• Qwik's "resumability" technique ensures that no calculation occurs on the client side because it has already been executed on the server, further optimizing performance.

These findings shed light on the different approaches and their implications for frontend framework performance under varying circumstances.

Reactivity benchmark

In this section, our focus will be on benchmarking the reactivity of the framework.
This activity takes place after the page has loaded, for instance, when a user interacts with the page by clicking a button to display something. Our aim is to prevent lengthy tasks, those that take more than 50 milliseconds, in order to ensure the page feels smooth.
The objective of this benchmark is to gauge the framework's performance in handling this task, specifically how much time it takes for the framework to update the DOM in response to a state change.
One way to assess this cost is by calculating the time the framework requires for a simple task, such as incrementing a counter. In this case, the majority of the time spent on this action is, in fact, the time taken by the framework to re-render and update the DOM, while the cost of the custom code part (the increment operation) is negligible.
However, measuring and comparing this can be challenging because this action is very quick. A simpler way to make comparisons is to count the number of times a framework can render within one second.

Technical implementation

The challenging aspect here is updating the application state and allowing the framework to perform rendering, and then triggering a new state update when the rendering is completed, and so on. Due to the single-threaded nature of JavaScript, it's not possible to update the state within a loop. In such a scenario, the framework will likely render only when the loop is finished, updating the DOM with the final version of the counter. This isn't what we want because we want to count the number of renders.

Our goal is to effectively see the counter increase, as shown in this animation:


We also want to use the same technique for all frameworks to ensure a fair comparison. For example, it's not possible to use React's useEffect to trigger a new increment after rendering is complete.
One way to accomplish this is by using something like setTimeout(increment, 0). Calling setTimeout postpones the execution of the increment function until the main thread is available. However, the problem with setTimeout is that it's not quick enough; it takes about 4 milliseconds to trigger a new increment.

You can see this in the Google Devtools Performance tab record:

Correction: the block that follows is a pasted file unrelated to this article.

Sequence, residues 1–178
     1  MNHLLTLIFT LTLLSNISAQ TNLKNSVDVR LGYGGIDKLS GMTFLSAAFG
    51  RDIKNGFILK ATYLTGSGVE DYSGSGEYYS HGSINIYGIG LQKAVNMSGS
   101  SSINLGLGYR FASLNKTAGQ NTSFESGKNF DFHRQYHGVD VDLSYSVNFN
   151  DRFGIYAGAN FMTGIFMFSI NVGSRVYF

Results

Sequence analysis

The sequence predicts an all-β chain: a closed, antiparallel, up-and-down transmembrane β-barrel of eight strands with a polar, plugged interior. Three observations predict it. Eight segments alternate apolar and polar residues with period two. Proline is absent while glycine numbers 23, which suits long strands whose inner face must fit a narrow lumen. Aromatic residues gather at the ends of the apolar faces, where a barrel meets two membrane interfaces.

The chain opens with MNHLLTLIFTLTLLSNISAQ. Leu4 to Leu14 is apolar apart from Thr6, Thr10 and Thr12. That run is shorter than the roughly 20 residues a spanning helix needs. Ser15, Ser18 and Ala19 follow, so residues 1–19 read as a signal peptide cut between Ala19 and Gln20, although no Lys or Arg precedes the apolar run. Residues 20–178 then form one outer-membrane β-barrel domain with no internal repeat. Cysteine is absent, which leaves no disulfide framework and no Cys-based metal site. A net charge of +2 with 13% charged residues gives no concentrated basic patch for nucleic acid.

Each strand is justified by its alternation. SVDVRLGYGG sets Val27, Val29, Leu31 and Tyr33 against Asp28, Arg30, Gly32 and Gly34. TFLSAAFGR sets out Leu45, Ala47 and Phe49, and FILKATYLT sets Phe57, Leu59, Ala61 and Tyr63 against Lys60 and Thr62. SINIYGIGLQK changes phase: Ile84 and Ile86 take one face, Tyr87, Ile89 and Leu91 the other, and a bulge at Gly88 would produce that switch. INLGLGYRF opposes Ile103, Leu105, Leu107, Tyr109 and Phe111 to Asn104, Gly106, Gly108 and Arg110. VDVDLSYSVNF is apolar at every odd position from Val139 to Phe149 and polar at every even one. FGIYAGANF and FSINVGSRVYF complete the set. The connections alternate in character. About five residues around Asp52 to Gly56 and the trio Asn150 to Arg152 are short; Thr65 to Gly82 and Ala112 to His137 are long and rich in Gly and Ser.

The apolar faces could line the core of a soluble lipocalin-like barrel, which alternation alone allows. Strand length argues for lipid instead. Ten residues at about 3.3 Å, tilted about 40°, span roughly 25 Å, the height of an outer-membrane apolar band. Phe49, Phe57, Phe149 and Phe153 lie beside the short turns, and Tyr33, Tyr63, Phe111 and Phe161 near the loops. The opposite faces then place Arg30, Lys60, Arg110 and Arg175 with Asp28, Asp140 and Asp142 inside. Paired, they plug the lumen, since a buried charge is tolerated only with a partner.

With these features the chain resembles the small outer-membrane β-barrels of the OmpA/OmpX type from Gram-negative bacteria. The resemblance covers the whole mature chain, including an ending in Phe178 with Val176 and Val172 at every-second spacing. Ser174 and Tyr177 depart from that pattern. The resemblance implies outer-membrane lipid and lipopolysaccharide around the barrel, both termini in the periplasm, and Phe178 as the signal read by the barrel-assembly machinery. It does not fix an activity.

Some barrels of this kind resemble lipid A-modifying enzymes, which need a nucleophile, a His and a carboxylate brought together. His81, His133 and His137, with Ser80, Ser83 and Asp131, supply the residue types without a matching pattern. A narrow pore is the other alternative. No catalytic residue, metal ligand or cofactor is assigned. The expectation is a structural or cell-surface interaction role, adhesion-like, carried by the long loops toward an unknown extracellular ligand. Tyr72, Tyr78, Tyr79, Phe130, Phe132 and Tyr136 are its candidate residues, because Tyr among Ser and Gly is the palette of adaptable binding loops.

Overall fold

What we would like is something similar to the node setImmediate function. We can achieve a similar effect using MessageChannel. Here is the performance tab record demonstrating all the updates:

With this solution, we are now prepared to compare the reactivity of different frameworks.


I didn't implement the reactivity benchmark for all frameworks because Next, Gatsby, Remix, and others all rely on React. I only implemented it when the frontend framework was something other than React.
So, here's the ranking of how many renders these frameworks can perform in one second, from best to worst:

Native JS (Astro)~174000
React optimized~34800
React non optimized~2200

Let's calculate some score based on the maximum score:

Native JS (Astro)100
React optimized20
React non optimized1

Here are some noteworthy points:

  • It's quite reassuring to see that native JavaScript implementation is the top performer.
  • The Solid reactivity system is designed with a focus on speed (you can learn more about it here:
  • Svelte, while not exactly a framework, compiles to native JavaScript in an efficient manner.
  • React's performance can vary significantly, from being the worst-performing framework to being more than 10 times better, depending on how you define the state in your application.
  • Angular's results are subpar due to the necessity of reintegrating messages from the MessageChannel into the Angular flow using NgZone.

You can also refer to this benchmark page, which compares various frameworks in different scenarios, but the overall conclusions remain consistent.



Here are some general points to consider before delving into the conclusions for each framework:

  • Lighthouse primarily records frontend performance, and backend requests have a minimal impact on the score.
  • This implies that you must focus on optimizing your backend independently, either by yourself or with other tools, to ensure your server is fast and provides the best user experience.
  • Overall, SSR (Server-Side Rendering) frameworks perform slightly better than CSR (Client-Side Rendering) frameworks, although the difference is not substantial.
  • This suggests that CSR frameworks are still viable options when building applications like Back-Office systems, intranets, extranets, connected apps, and so on (but avoid using CSR frameworks if SEO is a concern).
  • While there are no significant variations among CSR frameworks in the page load benchmark, there are notable differences in terms of reactivity.



Taking the results into account, the Qwik framework appears to be performing exceptionally well, especially when you aggregate all the Lighthouse scenario scores in one place: